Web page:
A key part of preparing a will is to select an executor. An executor is appointed to carry out your wishes and the instructions outlined in your Will when you die.
An executor’s duties are likely to include:
- sourcing your financial documentation and listing all assets including property, possessions, and money.
- applying for probate.
- sending death certificate copies to banks, employers, pension providers, utility suppliers. and any other institutions which hold your finances.
- opening an estate bank account.
- paying any outstanding debts and collecting any money owed.
- disposing of property.
- calculating Capital Gains Tax, Inheritance Tax, and Income Tax, and making necessary payments.
- distributing the leftover money to beneficiaries in accordance with the Will.
Even if your instructions are clear or you do not have many assets, being an executor is a difficult job and can take a number of months to manage.
You can choose up to four executors over eighteen years of age and there are very few limitations as to who you select. However, there are important factors to consider when making your choice. Follow our tips to ensure your decision is the right one!
Do Not Go Overboard
Although you can choose up to four executors this is likely not the wisest move. We have all heard the saying ‘too many cooks’ and it most certainly applies in this case. Having four executors can cause confusion as they all need to act jointly.
Most people appoint two executors, and this is a route we would recommend. Having two executors means that there is still someone able to carry out the task if one executor passes away or is unwilling or unable.
Executors have an important role and the process can be complex, lengthy, and arduous depending on your estate. The role also involves financial work, including paying taxes, debts, and dividing funds between the beneficiaries.
It makes sense to choose someone who is confident with paperwork or legal and financial issues; however, above all else, your executors need to be people you trust.
Keeping It Personal
You can appoint executors who are beneficiaries in the Will, however, executors can only act as witnesses to a Will if they are not beneficiaries.
If you choose a close family member, bear in mind that not only will they have a challenging task ahead but they will also be grieving. For this reason, we do not recommend selecting a spouse or partner as the sole executor. Commonly people choose an adult child or adult grandchild, along with their spouse or partner so that the load can be divided as necessary.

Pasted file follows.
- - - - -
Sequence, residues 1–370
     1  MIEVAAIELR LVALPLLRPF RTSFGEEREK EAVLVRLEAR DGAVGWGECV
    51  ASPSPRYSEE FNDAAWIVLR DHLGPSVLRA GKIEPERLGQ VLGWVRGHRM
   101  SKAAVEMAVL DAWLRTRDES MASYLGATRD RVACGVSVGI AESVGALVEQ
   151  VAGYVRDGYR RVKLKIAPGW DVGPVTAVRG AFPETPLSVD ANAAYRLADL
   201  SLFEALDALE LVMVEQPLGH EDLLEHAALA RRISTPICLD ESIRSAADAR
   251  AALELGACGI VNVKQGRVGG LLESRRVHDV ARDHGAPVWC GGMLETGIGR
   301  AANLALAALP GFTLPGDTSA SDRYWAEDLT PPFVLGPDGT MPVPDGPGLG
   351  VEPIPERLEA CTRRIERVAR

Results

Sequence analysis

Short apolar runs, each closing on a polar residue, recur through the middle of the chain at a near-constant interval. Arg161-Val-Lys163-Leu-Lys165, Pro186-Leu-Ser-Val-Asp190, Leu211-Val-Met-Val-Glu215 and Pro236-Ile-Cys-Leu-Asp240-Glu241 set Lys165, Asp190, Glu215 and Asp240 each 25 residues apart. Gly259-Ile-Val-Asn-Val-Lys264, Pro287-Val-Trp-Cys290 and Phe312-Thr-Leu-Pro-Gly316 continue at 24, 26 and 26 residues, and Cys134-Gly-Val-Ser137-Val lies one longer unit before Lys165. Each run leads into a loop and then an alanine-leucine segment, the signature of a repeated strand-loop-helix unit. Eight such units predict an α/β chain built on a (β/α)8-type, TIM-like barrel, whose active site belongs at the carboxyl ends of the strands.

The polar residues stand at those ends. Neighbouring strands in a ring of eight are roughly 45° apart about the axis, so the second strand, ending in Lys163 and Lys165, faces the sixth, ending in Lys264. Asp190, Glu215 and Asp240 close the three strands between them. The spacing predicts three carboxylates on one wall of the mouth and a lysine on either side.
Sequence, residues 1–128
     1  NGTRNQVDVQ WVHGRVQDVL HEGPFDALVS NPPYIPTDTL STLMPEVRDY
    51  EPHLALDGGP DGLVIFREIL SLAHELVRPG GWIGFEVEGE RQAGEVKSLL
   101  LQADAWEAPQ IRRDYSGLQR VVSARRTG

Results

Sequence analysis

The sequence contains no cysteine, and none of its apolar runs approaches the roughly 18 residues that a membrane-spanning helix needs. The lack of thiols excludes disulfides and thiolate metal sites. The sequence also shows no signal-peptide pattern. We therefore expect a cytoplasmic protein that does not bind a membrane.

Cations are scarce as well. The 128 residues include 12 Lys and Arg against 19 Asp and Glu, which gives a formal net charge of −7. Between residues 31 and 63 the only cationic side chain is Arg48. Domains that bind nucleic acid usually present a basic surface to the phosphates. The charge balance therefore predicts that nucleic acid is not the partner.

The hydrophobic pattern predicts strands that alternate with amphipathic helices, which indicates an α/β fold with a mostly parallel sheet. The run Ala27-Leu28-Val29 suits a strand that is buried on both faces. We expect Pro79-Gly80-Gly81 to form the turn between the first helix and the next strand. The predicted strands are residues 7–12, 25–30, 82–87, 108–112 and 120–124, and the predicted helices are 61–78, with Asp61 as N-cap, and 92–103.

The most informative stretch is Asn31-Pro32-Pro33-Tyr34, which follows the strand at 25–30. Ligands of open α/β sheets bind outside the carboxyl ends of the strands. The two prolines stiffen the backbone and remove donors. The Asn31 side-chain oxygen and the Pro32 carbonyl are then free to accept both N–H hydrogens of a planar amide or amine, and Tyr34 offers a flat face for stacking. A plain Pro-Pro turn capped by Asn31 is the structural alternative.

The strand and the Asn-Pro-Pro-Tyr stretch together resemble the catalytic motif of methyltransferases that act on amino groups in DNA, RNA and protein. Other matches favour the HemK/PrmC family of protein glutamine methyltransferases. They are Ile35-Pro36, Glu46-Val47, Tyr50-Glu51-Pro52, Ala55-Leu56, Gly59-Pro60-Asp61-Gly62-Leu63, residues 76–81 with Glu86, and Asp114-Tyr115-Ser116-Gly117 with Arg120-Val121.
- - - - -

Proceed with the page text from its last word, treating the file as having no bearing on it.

Please remember it is vital to select executors who you believe are capable of carrying out your wishes effectively, not just people you have an emotional attachment to.
For this reason, it is best to avoid the ‘never gets anything done’ uncle you are so fond of, or your scatter-brained but loveable sister!
Speak Before You Write!
If you appoint executors in your Will prior to receiving confirmation from them, you will need to fork out extra money to get your Will altered if they are unable, or unwilling to accept the role. Take the time to talk to the people you would like to appoint first.
Don’t be hasty. Ensure that anyone you wish to appoint has a full understanding of what the role involves and give them sufficient time to consider it carefully. As this is an important and legally binding role you shouldn’t be surprised if people turn down your request to be an executor.
Going To a Pro
Choosing a professional is a particularly wise move if you have a complex estate, property abroad, or do not have anyone else who is up to the task.
A lawyer or accountant can be a good choice as your executor. They could either take on the responsibility as sole executor or share the task with another.
Bear in mind that choosing a professional executor will mean that they will be carrying out the work and will of course charge for their services and their agreement varies depending on the firm selected. They may have an hourly rate, a flat fee, or a percentage of the total value of your estate.
Selecting a professional has the following advantages:
- They are familiar with the work.
- They are not personally attached.
- They understand potential issues and obstacles and can overcome them efficiently and quickly.
- You are covered by their professional indemnity insurance
If you have no one you can ask to be an executor, you can enlist a government official called a Public Trustee.
This most commonly occurs if a Will has one single beneficiary and that person cannot act as executor, for example, they are too young or have a disability.
However, this really is a last resort as this route can be extremely lengthy resulting in greater stress for loved ones and beneficiaries.
The Planning Bee works with professional probate specialists and solicitors who offer a full range of estate administration services. We can fully administer the estate, obtain a Grant of Probate or Letters of Administration for you.
Contact us for a free consultation and a guaranteed competitive quote.